| CARACAS, July 23
CARACAS, July 23 An abandoned Caracas skyscraper
dubbed the world's tallest shanty-town after a squatters'
takeover could be demolished once its inhabitants are out,
Venezuela's leader said on Wednesday.
Soldiers and officials began this week moving out the first
160 of more than 1,150 families living inside the 45-story
"Tower of David" in central Caracas. They are going to
government-provided low-income housing outside the capital.
"The Tower of David is famous. It's a symbol of a strange
situation, a vertical 'barrio,'" President Nicolas Maduro said.
"It was viewed negatively by society. We resolved it, as these
things should be resolved, with dialogue and understanding."
Originally intended to be a bank center but left unfinished
in 1994, the vast concrete skeleton was viewed by many
Venezuelans as a focus for crime and symbol of property
"invasions." Police occasionally raided it hunting kidnappers.
The squatters said the tower was a safe refuge from
dangerous slums and something of a model community. They built
carefully divided apartments and established shops and services
inside, bricking up holes to keep children safe.
The tower fascinated foreigners: An exhibition about it won
a prize at the 2012 Venice Architecture Biennale, and it even
showed up as a backdrop to an episode of U.S. TV drama
"Homeland," as the place where on-the-run terrorist suspect
Nicholas Brody was captured.
Maduro said it was an error to let people live so long in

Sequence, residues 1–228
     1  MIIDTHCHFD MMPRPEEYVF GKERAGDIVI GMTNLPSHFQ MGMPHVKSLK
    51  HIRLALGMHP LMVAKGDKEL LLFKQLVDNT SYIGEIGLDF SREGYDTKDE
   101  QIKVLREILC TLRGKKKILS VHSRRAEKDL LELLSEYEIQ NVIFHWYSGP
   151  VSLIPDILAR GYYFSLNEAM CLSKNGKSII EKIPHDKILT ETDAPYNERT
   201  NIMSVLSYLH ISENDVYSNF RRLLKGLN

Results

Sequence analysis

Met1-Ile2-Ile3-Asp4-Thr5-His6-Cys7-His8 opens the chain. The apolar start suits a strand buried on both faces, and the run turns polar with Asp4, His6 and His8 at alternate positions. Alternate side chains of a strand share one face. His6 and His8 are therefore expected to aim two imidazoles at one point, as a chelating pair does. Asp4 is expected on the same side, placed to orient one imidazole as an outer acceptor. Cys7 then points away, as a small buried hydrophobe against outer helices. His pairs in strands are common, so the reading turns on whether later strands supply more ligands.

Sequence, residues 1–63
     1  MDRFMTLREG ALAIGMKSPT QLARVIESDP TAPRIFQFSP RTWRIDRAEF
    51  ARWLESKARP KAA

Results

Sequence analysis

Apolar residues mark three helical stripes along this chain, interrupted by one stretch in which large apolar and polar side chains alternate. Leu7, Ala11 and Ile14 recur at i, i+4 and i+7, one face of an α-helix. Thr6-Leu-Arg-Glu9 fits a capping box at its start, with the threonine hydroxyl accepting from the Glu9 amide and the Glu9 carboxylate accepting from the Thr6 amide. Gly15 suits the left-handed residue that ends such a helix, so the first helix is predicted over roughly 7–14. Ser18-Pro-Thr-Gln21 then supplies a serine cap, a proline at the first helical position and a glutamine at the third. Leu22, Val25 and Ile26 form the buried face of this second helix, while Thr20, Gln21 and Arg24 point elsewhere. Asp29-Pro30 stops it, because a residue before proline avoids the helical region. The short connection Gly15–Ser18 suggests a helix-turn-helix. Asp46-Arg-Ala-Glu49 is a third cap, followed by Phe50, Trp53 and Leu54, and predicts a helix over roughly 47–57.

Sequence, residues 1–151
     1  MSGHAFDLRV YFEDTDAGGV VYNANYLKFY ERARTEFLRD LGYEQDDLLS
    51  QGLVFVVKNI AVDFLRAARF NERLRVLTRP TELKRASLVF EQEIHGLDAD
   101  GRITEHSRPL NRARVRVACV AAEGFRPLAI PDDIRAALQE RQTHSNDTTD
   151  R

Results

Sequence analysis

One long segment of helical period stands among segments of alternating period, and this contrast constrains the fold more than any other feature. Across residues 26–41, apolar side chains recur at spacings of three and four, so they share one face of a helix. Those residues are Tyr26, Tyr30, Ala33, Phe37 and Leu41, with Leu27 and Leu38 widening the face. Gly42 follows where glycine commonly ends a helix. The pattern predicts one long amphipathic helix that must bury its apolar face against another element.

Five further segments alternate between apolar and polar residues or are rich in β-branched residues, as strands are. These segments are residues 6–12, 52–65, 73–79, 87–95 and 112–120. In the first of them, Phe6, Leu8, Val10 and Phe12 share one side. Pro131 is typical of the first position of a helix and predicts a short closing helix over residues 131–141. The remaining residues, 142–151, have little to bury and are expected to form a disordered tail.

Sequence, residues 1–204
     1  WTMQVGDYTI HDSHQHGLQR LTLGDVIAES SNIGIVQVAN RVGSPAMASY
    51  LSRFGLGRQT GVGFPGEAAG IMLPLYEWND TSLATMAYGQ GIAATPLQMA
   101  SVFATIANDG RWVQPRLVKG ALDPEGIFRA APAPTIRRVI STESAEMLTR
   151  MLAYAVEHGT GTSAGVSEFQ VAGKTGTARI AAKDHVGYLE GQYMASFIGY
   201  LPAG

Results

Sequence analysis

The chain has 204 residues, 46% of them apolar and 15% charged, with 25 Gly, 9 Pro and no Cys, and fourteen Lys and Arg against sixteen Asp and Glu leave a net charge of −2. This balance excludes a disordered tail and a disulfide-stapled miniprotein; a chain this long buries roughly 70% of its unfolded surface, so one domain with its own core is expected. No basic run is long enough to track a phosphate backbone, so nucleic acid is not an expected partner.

such a precarious structure, where some people died falling off
ledges. The state is studying various options for the tower.
"Some are proposing its demolition. Others are proposing
turning it into an economic center. Some are proposing building
homes there," Maduro told reporters.
"We're going to open a debate ... If we demolish it, it's to
build something new for the local community."
Maduro's minister for the transformation of Caracas, Ernesto
Villegas, said he leaned towards demolition of the building
because it was a monument to a "bourgeois" past before the
1999-2013 rule of socialist leader Hugo Chavez.
In a second day of frenetic activity at the tower, residents
hauled down sofas, beds and other belongings, and soldiers
helped them load trucks heading to their new homes.
The squatters said they were leaving voluntarily after
advance meetings and guarantees of new apartments.
Local media have speculated the tower could be sold to
Chinese investors and turned into a bank center. There was no
reference to such a plan, however, during this week's visit to
Caracas by Chinese President Xi Jinping.
(Editing by Cynthia Osterman)